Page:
Junior co-captain Seth Curry leaves the locker room and runs down the tunnel out onto the floor. The rest of the team stays behind, coming out of the tunnel a few moments later, fighting off smirks as they do. ESPN showed the moment on their broadcast, joking that it sometimes takes awhile to get in synch.
Was it a 12-1 team, staying loose before a road game with a prank or the sign of something more sinister lurking under the surface?
"We approached it in a very very immature way," Capel said of the game. "We thought it would be easy, and we thought we're really good. We forget what it takes to be really good." With about five minutes remaining in the first half, Temple scored on a relatively easy trip to the basket. Junior co-captain Ryan Kelly was caught on camera arguing with freshman Austin Rivers about his positioning on defense. Rivers argued back and both players gestured and pointed to spots on the floor.
December 7, against Colorado State, Kelly defended a layup, only to have another opposing player come down the lane to dunk the missed shot. Kelly scolded point guard Tyler Thornton afterward, pointing again to a spot on the floor.
Just like the Temple pregame, there are two ways to read the incidents: Since being named captain, Kelly has worked on being more vocal on the floor, something coach Mike Krzyzewski has said is crucial to the success of the team. Was Kelly performing the sometimes unpleasant duties of a captain or were the two plays signs of discord?
Comments by two of the captains earlier this week seem to indicate that it was more than fiery leadership.
"On defense, we didn't really trust each other," Kelly said. "We needed to have each other's back and help more. Guys were being beaten off the dribble, which put the bigs in a difficult position."
"We've got to have trust," Curry said. "The guards didn't trust the bigs behind us, that they would be there to help or take a charge."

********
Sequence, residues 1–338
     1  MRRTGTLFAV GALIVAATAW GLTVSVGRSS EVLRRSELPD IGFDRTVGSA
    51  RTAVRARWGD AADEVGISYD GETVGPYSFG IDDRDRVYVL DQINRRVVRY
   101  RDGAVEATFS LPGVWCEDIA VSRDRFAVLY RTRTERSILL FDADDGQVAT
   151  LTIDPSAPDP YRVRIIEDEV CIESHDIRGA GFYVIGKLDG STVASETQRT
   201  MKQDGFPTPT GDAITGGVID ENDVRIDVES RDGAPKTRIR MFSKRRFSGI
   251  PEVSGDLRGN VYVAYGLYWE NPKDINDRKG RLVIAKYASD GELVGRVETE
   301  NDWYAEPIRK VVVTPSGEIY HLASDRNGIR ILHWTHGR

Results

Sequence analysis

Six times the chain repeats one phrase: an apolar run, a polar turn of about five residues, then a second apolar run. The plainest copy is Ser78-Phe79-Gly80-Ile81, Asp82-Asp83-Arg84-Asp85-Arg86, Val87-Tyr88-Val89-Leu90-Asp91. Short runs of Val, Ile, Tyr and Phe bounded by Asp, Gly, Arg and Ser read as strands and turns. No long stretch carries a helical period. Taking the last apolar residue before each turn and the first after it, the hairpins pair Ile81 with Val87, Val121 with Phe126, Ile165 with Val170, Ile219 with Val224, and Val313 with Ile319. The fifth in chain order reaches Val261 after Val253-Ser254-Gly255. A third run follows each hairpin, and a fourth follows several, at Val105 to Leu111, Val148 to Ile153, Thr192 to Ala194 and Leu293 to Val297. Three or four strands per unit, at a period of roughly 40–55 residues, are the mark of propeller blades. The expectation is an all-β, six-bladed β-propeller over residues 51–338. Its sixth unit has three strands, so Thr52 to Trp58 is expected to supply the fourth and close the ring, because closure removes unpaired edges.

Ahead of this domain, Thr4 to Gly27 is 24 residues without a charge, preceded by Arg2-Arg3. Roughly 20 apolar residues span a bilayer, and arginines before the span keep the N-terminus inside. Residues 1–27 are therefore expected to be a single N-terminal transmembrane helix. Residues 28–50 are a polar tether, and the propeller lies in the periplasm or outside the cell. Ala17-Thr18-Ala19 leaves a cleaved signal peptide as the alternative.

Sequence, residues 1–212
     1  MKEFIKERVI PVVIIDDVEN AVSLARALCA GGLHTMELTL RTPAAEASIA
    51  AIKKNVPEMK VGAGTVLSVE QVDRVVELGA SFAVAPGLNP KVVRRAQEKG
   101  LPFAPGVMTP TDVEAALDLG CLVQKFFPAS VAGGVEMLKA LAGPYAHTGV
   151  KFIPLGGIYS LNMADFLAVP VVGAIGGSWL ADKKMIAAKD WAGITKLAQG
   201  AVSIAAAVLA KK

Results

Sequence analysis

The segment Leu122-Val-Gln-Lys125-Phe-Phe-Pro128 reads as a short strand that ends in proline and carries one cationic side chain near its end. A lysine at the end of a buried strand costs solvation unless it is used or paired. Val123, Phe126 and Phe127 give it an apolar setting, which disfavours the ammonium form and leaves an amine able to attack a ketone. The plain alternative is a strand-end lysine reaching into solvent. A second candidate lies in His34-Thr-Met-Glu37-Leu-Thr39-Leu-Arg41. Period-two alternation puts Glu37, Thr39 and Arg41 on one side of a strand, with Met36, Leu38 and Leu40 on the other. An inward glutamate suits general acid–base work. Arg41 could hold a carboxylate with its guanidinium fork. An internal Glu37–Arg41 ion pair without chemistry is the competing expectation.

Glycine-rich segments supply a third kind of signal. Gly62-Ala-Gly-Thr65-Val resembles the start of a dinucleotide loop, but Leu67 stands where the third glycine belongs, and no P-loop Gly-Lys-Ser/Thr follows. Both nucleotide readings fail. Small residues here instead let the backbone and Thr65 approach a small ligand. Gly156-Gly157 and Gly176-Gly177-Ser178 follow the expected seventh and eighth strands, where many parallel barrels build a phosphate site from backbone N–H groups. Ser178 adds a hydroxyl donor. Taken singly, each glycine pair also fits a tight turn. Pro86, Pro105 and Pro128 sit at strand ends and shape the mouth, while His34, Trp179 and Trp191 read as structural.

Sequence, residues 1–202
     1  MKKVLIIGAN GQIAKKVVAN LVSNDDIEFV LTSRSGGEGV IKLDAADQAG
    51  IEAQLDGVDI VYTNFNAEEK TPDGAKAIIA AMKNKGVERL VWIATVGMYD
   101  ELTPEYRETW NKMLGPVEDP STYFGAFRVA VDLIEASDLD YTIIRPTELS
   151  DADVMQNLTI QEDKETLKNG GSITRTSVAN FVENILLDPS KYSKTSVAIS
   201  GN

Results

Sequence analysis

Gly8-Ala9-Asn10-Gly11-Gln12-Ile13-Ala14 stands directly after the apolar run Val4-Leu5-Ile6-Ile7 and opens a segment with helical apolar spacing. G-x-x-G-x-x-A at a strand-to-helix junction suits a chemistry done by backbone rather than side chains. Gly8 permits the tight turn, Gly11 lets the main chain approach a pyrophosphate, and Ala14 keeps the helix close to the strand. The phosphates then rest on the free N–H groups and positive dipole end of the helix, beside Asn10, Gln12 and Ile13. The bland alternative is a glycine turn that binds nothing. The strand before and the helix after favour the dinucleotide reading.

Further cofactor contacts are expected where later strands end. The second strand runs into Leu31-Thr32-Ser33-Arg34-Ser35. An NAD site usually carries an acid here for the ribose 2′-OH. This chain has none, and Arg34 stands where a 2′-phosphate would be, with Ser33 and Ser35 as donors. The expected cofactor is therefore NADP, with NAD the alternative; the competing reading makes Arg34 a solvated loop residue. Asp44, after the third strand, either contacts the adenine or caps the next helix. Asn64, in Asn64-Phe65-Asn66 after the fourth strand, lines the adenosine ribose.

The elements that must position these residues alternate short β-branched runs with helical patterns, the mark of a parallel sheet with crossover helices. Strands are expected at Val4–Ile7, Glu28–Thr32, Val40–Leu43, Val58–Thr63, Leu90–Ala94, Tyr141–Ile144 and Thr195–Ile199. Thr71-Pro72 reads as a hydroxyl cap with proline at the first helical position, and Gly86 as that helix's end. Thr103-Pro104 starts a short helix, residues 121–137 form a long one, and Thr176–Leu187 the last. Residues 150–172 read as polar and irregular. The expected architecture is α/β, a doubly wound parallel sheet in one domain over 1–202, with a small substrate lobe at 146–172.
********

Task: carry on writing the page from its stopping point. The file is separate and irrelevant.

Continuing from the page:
December 19, against UNC-Greensboro, Austin Rivers drove to the basket and was knocked hard to the floor. He reached for his hip and was in the process of checking that all his vital organs were still intact when his teammates surrounded him.
Miles Plumlee took one arm and Kelly the other, and the two co-captains started to pull the freshman to his feet. Rivers was still assessing himself, however, and angrily told his teammates to wait a second. Then stalked off to prepare for his free throws once regaining his footing.
In the second half of the game, Rivers was again sent to the floor, and the resulting foul triggered a TV time out. His four teammates, including Miles, trotted toward the bench, leaving Rivers laying on the floor. Mason Plumlee stopped, and looked back and forth, first at his downed teammate, then at his three retreating teammates, deciding where to go. He then returned to help Rivers up.
As any high school sophomore will testify, chemistry is a complicated subject. Basketball is an emotional game, especially the way Duke plays it. Those emotions will spill out from time to time.